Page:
S.1438 - WTO Dispute Settlement Review Commission Act104th Congress (1995-1996)
|Sponsor:||Sen. Dole, Robert J. [R-KS] (Introduced 11/30/1995)|
|Latest Action:||12/04/1995 Read the second time. Placed on Senate Legislative Calendar under General Orders. Calendar No. 253.|
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Subject — Policy Area:
- Foreign Trade and International Finance
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Summary: S.1438 — 104th Congress (1995-1996)All Bill Information (Except Text)
Introduced in Senate (11/30/1995)
WTO Dispute Settlement Review Commission Act - Establishes the WTO Dispute Settlement Review Commission to review all adverse reports of dispute settlement panels and the Appellate Body adopted by the Dispute Settlement Body of the World Trade Organization (WTO) which result from a proceeding initiated against the United States by a WTO member, or (but only at the request of the U.S. Trade Representative) in which the United States is a complaining party.
Requires the Commission to determine whether the panel or the Appellate Body: (1) demonstrably exceeded its authority; (2) added to the obligations, or diminished the rights, of the United States under the Uruguay Round Agreement; (3) acted arbitrarily or capriciously, engaged in misconduct, or demonstrably departed from proper procedures; and (4) deviated, in its report, from the applicable standard of review. Requires the Commission to make an affirmative determination with respect to the action of a panel or the Appellate Body if it determines that: (1) any of the above occurred; and (2) the action of such panel or the Appellate Body materially affected the outcome of its report.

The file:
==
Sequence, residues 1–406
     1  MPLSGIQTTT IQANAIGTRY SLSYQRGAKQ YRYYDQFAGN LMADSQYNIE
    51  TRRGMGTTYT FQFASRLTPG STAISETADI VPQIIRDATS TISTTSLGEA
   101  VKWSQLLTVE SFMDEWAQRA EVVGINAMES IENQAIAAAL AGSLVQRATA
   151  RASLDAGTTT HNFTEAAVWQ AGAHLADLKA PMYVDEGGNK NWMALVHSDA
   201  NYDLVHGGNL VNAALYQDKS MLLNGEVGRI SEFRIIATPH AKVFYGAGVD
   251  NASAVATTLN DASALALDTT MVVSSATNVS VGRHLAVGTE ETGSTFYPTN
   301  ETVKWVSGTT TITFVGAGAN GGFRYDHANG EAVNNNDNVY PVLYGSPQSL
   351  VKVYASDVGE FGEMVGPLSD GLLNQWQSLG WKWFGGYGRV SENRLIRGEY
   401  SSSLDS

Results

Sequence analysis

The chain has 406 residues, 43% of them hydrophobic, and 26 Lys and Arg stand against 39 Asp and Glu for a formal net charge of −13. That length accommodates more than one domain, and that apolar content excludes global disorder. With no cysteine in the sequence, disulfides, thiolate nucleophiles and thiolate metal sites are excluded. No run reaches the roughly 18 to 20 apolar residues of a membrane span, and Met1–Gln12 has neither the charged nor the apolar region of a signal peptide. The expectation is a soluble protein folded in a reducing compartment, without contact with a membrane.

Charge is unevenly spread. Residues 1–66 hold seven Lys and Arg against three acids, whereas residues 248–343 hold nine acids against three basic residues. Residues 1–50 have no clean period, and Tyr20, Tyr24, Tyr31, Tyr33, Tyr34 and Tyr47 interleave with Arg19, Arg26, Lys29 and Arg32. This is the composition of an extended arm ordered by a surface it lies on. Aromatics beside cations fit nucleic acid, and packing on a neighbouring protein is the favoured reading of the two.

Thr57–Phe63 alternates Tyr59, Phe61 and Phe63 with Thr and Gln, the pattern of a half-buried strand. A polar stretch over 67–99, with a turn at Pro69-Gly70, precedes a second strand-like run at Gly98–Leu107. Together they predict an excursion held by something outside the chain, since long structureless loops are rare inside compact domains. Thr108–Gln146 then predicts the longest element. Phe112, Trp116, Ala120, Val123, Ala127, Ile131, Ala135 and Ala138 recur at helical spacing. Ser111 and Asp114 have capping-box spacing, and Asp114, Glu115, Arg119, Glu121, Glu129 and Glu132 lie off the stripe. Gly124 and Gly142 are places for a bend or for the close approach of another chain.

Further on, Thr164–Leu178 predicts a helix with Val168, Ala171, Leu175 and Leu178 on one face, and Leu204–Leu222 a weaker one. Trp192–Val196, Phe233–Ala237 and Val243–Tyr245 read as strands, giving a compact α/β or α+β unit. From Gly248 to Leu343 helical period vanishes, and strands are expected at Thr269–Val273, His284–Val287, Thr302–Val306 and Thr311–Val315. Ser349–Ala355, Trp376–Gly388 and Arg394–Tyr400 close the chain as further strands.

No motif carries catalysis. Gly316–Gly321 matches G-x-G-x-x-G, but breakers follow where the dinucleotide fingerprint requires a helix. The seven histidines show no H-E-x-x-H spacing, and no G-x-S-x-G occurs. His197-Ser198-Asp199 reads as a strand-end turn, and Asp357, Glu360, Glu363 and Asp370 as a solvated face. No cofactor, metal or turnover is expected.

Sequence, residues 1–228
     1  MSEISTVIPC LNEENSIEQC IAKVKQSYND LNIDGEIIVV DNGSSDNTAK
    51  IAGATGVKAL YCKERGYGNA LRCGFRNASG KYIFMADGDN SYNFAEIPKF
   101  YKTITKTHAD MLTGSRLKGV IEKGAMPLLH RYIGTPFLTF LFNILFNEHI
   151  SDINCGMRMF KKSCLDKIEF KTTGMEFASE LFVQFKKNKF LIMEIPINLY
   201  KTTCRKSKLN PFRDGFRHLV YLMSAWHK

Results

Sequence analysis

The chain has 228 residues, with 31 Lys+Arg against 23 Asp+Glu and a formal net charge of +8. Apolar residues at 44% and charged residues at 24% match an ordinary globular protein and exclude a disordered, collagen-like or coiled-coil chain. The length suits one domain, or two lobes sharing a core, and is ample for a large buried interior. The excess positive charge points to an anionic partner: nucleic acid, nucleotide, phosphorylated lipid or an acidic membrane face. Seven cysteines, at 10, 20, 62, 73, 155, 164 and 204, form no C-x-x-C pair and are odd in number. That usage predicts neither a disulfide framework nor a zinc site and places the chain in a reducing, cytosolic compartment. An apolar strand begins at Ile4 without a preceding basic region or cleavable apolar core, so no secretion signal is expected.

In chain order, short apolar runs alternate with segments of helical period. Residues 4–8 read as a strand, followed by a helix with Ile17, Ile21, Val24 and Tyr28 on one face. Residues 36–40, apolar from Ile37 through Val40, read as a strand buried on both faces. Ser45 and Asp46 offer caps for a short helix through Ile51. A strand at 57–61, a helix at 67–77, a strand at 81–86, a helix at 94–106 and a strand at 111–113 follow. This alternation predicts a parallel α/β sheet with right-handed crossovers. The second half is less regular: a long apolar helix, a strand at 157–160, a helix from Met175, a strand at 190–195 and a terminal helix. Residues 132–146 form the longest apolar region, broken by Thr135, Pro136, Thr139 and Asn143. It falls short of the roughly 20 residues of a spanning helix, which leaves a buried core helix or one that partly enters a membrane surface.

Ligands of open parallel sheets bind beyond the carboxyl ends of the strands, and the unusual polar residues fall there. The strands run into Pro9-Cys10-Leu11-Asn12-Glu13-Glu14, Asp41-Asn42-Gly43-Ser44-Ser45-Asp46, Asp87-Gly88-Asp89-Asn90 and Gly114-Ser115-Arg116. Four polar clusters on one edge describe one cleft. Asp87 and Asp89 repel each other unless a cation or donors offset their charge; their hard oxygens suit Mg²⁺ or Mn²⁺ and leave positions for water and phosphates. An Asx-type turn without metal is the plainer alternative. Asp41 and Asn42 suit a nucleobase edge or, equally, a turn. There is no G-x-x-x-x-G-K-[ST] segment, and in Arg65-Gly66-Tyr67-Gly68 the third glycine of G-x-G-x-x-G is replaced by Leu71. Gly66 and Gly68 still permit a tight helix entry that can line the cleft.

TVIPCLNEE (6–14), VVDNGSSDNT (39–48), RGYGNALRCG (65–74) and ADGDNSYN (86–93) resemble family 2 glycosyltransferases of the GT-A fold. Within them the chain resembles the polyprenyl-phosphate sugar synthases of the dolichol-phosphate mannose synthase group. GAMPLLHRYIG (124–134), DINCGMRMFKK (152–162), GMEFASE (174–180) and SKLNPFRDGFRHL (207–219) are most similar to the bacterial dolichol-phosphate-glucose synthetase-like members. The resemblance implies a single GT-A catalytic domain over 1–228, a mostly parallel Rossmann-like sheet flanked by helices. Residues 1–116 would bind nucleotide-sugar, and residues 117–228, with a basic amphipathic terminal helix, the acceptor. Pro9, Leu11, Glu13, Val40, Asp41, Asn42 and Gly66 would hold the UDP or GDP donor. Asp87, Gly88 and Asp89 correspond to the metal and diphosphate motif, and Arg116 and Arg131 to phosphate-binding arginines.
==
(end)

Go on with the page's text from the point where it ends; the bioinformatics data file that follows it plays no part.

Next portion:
Urges the President, upon enactment of a joint resolution directing such action, to negotiate to amend or modify the rules and procedures of the Uruguay Round Agreement with respect to any affirmative report submitted to the Congress concerning the action of a panel or the Appellate Body. Provides for a joint resolution withdrawing congressional approval of the WTO agreement, ending U.S. participation in the WTO, if: (1) there are three affirmative reports submitted to the Congress during the preceding five-year period; and (2) negotiations to remedy the problems in such reports are no longer in the national interest.